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Workshop 10: Grounded Theory

This week’s topic provided a broad overview of grounded theory (GT) and its evolution from first to second generation grounded theory, referencing also emergent third generation GT. We had the opportunity to hear first-hand from two recent PhD graduates, Dr. Hamid Pousti and (almost Dr.) Joanne Mihelcic on their experience of using GT in their research project. This knowledge was further enhanced by my fellow presenters during their critical review of GT as part of their assessment presentation for workshop 10.

From the sessions, I have understood that GT is one qualitative method among many others, and can be described as a “general inductive method possessed by no discipline or theoretical perspective or data type” (Glaser, 2005). In GT study, concepts are generated from empirical data rather than from existing literature. Barney Glaser, the originator of the classical GT methodology, has stressed the importance of that a GT-researcher avoids preconceptions and remains open-minded to what actually appears in the research field.

This means, unlike conventional quantitative study where literature review is conducted to refine the research question/determine gaps and identify a suitable design/data collection method for a planned study, GT employs a more “detective” like approach.

The following are the stages of GT referenced in(Adolph et..al, 2008) for an IS research study:

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Stages of a Grounded Theory Study. Source: Odis, E. Simmons

The constant comparison is the “heart of grounded theory“. As codes are developed they are compared with previous codes from within the same interview and from other interviews. Codes are progressively clustered into categories.  This is facilitated by the concurrent and iterative collection of data and analysis.

Data collection continues until all categories are saturated, that is, when further collection of data indicates no new categories or the need for the expansion of existing categories and all data fits into the existing categories.

For my understanding, I could summarise my understanding of this topic as follows:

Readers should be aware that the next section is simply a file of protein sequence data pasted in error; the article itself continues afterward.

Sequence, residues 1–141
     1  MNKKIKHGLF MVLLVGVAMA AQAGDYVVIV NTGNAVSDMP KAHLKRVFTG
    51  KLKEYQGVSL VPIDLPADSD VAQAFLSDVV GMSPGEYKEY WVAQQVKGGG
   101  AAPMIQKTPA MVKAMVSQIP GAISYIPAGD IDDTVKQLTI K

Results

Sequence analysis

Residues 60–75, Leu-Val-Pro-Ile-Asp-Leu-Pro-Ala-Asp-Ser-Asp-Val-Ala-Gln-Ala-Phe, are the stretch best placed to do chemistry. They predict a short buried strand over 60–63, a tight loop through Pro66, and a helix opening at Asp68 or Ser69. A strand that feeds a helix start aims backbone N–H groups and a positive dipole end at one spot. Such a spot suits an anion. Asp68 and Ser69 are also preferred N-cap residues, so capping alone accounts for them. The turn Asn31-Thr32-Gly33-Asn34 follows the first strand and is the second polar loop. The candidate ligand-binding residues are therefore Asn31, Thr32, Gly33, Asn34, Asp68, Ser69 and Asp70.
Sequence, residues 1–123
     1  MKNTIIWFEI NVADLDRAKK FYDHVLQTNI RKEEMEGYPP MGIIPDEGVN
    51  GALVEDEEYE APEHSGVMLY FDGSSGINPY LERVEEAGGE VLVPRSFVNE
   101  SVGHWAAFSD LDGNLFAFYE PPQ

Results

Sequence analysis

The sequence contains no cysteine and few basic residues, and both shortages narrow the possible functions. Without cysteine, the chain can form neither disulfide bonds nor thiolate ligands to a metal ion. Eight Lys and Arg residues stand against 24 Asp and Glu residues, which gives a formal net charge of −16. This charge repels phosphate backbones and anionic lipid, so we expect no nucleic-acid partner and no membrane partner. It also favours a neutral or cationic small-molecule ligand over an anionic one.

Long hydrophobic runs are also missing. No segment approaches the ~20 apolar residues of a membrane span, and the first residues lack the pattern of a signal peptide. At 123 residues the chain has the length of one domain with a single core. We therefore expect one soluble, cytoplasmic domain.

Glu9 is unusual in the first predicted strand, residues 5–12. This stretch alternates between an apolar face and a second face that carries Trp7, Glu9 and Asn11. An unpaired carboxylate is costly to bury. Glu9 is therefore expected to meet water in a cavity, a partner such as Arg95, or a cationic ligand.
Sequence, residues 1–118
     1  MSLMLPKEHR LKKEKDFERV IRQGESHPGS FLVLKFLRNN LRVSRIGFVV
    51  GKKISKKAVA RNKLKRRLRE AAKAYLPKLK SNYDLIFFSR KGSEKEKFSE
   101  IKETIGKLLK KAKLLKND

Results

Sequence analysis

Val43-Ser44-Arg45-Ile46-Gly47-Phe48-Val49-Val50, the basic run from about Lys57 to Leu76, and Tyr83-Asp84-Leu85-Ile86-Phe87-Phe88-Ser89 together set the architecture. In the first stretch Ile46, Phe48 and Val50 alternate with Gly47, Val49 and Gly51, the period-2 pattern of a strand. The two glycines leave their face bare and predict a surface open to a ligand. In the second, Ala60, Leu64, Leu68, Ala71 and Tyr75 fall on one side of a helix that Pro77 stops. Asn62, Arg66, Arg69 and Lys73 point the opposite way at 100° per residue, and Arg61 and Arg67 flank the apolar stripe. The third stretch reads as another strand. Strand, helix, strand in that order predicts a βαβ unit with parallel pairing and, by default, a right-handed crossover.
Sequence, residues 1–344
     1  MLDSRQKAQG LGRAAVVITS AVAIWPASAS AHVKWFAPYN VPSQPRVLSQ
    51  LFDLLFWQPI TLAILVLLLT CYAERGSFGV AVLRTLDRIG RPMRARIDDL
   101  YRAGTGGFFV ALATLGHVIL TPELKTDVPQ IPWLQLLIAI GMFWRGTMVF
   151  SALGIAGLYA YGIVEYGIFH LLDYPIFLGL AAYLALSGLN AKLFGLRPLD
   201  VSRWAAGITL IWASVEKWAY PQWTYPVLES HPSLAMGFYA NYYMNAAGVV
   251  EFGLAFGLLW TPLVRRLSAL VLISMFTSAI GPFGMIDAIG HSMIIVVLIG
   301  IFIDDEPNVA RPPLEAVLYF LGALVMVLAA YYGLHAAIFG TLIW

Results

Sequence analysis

1. There are multiple variants of grounded theory: Glaser focused on developing researcher’s creativity while Strauss was interested in looking at ways for formalizing and proceduralising GT. We must be clear about which variant we are following.
  2. In GT, the researcher should not attempt to force the data into a preconceived theory rather than let the problem and theory emerge from the data.
  3. Exclusive use of semi-structured interviews does not do justice to grounded theory. Including interviews, document analysis, and participant observation is more desirable for data collection.
  4. Avoid premature closure – This causes the theory to be incomplete (categories are not saturated) to lack density and to inadequately cover the behavioural variations
  5. There does literature review fit in?
    • We can conduct a minor literature review upfront to learn some basic terminology (be informed and focused of the research area – It is also necessary to conduct early literature review to find out if the planned study, or similar study has been published before. Also, it gives a background to and motivate the interest for the particular research area.)
    • Nest, we can conduct a major literature review towards the end in order to tie the findings with previous literature.

Finally, I would like to conclude by stating that one can be easily challenged when using GT based research method as it is not about giving theory status to hearsay and anecdotal stories and thus, the research has to be carried out rigorously in order to avoid the danger of it being classifies as journalism (Adloph et..al, 2008).

References:

Adolph, S., Hall, W., & Kruchten, P. A methodological leg to stand on: lessons learned using grounded theory to study software development. In Proceedings of the 2008 conference of the center for advanced studies on collaborative research: meeting of minds (p. 13). ACM, 2008.

Glaser B.G.  The grounded theory perspective III: Theoretical coding. Mill Valley, CA: Sociology Press; 2005.

Van Niekerk, Johanna C., and J. D. Roode. “Glaserian and straussian grounded theory: Similar or completely different?.” Proceedings of the 2009 Annual Research Conference of the South African Institute of Computer Scientists and Information Technologists. ACM, 2009.

 

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